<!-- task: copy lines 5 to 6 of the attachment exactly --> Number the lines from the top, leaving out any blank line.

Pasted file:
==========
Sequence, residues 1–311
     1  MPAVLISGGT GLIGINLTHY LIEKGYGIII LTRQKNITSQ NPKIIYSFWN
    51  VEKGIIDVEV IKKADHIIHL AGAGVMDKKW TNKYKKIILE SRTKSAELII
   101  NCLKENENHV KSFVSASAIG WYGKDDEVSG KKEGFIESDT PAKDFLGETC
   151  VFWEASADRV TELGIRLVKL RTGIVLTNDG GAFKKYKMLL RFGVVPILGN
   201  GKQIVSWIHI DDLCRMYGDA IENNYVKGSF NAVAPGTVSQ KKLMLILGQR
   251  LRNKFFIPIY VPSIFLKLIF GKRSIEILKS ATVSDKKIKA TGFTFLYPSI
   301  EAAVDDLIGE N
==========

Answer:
   151  VFWEASADRV TELGIRLVKL RTGIVLTNDG GAFKKYKMLL RFGVVPILGN
   201  GKQIVSWIHI DDLCRMYGDA IENNYVKGSF NAVAPGTVSQ KKLMLILGQR